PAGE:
“But so good to see you,” I said, nodding my head, peeling my hands out of hers, as we left their pod. If she was hurt by our self-extrication, she didn’t show it. I never could tell if her staggering nonchalance in moments like these was a result of a low EQ or a high threshold for pain. I had once overheard her father call her mother an unspeakable name, blind drunk one afternoon in his home, having driven his Mercedes Benz right onto the lawn of their house in McLean, VA leaving skid-marks on the sidewalk. This was just after he called me “Betsy” though I had been Violet’s best friend for the better part of a decade. We had braided each other’s hair, and worn friendship bracelets, and whispered everything and nothing into the flashlight-pierced darkness of her Laura Ashley bedroom, and he had driven me to dances, and dinners, and multiple weekend-long trips to the Homestead resort in Virginia — and yet, I was Betsy to him that night, some unrecognizable girl who wallflowered around the house now and then. I had a sense, even in the budding of my adolescence, that perhaps the callousness and self-involvement of her father did not bode well for Violet. But I dismissed that thought, dialing in instead on Violet’s reaction to the exchange–or lack thereof. Violet hadn’t flinched at him calling me Betsy, and she hadn’t flinched at the name-calling, either. She had laughed — actually laughed! — and said directly to her father, “Oh, come on, you old nut,” and then gotten a Coke out of the fridge, and we shared it while sitting on the kitchen island, our white Keds dangling over the edge.

“You OK?” asked Powell. I nodded, but it wasn’t true. It was then I realized that Violet had been my first true and permanent loss, and that I might never get over her. Like the midnight agonies over the miscarriage of my first baby, like the figure that Buck cut against the Canyon, TX plains. Maybe this was life. So deeply textured by loss that it formed a kind of emotional braille I was learning to live by, as the future — with all its “hopes and disappointments, its successes and its failures, its pleasures and its pains, its joys and its sorrows,” in the words my father had said to me on the eve of my wedding day, remained still hidden from my eyes.


+On female friendships and the things that matter.

+Getting over a lost friendship.

+What do you talk about with your girlfriends?

Shopping Break.

+Everlane is offering 25% off sitewide through Sunday. I love their liner jackets, and this is a great time to stock up on basics like this ribbed polo sweater and solid-colored crewneck sweaters.

+For fall occasionwear, these black pumps are perfection, and under $150. I’m forever a pointed to girlie. If you’re looking for an on-trend platform, this pair is reasonably priced.

+My son has spent hours working on these sticker mosaics. They are GREAT for Church, weekend downtime, restaurants, etc. (More Halloween-themed activities for littles here.) My children also had a blast decorating cookies with these sprinkles.

+This fall, I’ve gotten a ton of use out of this Merit complexion stick. I’d kept it in my travel cosmetics bag for awhile and sort of forgotten about it between trips, but it is so handy for rushed weekday mornings, when I’m short on time. It’s not a concealer or a foundation but replaces both in your makeup bag, and I love just dotting it on where I need it, blending, and adding a little blush and mascara to jet out the door. I just finished my full stick and ordered another! Honestly, this trio — the brush, complexion stick, and blush — plus a good mascara are all you need for a quick but lovely morning makeup routine.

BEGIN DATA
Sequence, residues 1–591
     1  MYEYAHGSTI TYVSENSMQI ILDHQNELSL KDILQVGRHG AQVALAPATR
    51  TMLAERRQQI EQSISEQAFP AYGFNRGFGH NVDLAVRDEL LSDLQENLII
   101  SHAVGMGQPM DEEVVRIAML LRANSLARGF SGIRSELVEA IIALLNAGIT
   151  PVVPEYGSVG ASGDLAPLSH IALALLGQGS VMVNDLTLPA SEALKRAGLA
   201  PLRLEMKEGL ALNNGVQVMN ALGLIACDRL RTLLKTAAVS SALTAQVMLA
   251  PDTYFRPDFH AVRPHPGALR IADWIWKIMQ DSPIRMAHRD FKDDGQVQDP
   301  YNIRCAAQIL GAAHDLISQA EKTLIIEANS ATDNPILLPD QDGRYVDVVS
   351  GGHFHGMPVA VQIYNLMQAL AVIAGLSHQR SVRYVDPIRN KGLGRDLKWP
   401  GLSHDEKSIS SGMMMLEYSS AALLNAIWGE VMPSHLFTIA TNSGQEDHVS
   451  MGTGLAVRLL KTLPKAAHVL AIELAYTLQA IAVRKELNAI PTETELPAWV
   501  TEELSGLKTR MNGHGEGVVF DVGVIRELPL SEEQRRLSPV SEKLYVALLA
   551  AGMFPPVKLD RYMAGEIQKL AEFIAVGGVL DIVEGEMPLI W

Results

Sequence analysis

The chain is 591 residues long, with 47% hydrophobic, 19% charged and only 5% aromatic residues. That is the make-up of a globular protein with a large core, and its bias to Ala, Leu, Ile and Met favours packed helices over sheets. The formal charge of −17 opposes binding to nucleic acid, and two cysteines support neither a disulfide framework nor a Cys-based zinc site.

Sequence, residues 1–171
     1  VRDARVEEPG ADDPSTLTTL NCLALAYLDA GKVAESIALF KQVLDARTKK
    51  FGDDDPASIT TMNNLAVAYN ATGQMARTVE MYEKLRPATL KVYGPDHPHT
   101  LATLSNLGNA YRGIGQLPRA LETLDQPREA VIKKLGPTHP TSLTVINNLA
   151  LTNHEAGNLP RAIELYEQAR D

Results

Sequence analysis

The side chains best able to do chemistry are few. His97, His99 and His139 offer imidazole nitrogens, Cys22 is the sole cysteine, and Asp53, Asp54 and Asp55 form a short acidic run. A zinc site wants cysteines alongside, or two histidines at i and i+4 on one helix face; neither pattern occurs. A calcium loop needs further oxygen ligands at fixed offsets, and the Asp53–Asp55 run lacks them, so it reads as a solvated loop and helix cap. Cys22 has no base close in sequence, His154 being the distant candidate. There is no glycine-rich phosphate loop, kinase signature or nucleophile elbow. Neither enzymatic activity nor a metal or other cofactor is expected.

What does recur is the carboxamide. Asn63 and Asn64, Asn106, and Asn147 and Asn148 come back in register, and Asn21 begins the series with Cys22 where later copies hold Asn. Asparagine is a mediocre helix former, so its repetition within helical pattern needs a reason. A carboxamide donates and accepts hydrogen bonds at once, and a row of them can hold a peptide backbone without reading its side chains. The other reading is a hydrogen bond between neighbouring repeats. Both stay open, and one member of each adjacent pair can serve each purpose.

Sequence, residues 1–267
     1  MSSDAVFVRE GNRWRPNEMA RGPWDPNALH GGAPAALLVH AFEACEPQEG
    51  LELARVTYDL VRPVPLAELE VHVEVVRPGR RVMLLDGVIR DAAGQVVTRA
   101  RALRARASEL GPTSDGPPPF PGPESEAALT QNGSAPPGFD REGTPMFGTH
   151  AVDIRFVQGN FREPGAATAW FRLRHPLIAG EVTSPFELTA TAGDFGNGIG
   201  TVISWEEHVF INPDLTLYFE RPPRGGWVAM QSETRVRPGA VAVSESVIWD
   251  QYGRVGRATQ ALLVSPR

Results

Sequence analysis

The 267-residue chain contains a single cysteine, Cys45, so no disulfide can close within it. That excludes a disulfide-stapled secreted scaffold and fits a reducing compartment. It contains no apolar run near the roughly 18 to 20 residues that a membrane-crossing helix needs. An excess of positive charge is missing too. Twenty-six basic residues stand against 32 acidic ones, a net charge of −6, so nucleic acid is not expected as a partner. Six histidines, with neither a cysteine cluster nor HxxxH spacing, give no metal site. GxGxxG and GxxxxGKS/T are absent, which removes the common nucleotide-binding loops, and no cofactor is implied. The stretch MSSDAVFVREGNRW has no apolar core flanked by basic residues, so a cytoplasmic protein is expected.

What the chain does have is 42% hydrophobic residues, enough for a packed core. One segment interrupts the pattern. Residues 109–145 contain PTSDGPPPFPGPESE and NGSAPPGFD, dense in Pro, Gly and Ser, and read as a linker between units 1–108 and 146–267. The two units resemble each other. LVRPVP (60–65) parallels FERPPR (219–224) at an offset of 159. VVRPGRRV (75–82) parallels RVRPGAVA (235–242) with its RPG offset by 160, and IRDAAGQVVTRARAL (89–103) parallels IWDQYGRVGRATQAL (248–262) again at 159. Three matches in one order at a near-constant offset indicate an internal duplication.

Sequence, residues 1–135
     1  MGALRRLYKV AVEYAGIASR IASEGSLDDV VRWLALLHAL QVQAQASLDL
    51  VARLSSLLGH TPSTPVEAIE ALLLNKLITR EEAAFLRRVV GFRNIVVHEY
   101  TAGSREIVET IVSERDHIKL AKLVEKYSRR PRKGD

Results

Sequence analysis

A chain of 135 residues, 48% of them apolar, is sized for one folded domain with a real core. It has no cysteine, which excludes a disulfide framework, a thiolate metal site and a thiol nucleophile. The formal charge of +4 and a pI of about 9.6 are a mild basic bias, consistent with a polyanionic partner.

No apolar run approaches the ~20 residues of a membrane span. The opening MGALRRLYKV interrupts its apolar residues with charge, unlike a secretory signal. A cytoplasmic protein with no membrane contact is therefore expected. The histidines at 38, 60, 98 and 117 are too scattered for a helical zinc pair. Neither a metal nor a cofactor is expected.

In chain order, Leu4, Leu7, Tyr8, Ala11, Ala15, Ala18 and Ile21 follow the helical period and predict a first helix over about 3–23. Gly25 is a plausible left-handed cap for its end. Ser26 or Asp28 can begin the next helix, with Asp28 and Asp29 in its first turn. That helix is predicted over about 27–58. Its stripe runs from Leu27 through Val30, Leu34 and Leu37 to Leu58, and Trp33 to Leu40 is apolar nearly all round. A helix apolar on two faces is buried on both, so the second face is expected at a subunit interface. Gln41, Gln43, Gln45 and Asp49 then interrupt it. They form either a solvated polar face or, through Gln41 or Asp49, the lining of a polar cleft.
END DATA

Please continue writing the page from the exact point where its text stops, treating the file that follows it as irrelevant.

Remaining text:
+I’d been in the market for a pair of dark wash everyday jeans. I ordered these and these (Brinton wash) to try/compare.

+My girlfriend came to dinner wearing this cashmere knit set, some ballet flats, and a big silk scarf. She looked so fabulous. She later texted and said: “After the success of my fancy sweats, I think I need to get them in more colors. Thanks for the support — this will now be my winter uniform.” The chicest!

+You can get my girlfriend’s vibe for less with Gap’s Cashsoft line, which people have raved about.

+Absolutely swooning over this cocktail dress.

+I love Maileg so much. My MIL and I have purchased my daughter pieces every year since she was born and they are beyond precious. The detail, the whimsicality! These make such beautiful gifts.

+For my Sunday Riley girlies: Dermstore is offering 25% off the entire line through tomorrow with code SUNDAY25. I know many of you love their Autocorrect eye cream and Vitamin C oil.

+Obsessed with this boucle cardigan with the gold buttons! Especially in the walnut color.

+If you’re taking your little one to Taylor in theaters, here’s what my girlie is wearing: these boots, one of these tees!

+A pretty plaid blouse for fall.

+Love these holiday tartan button-downs for little boys. Well-priced and great colors/plaids. Also eyeing these cute chunky cableknit sweaters for my son!

+All-black Sambas! More thoughts on styling/sizing these trendy sneaks here.

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4 thoughts on “Maiden’s Choosing: Missed Crossing.

  1. I love when you share your fiction pieces! Your writing is so descriptive and evocative. If you ever wrote a novel, I would buy it!

  2. what a perfect read with an afternoon cup of coffee. the way you capture the micro-emotions and performative reactions between each character feels so true to IRL encounters – i don’t know how you do it! really hoping these peeks into this longer narrative eventually form a novel… you have many magpies cheering you on!

    1. Thank you SO much for the encouragement. Means more to me than you know! I am hoping to one day publish something — a BHAG of mine.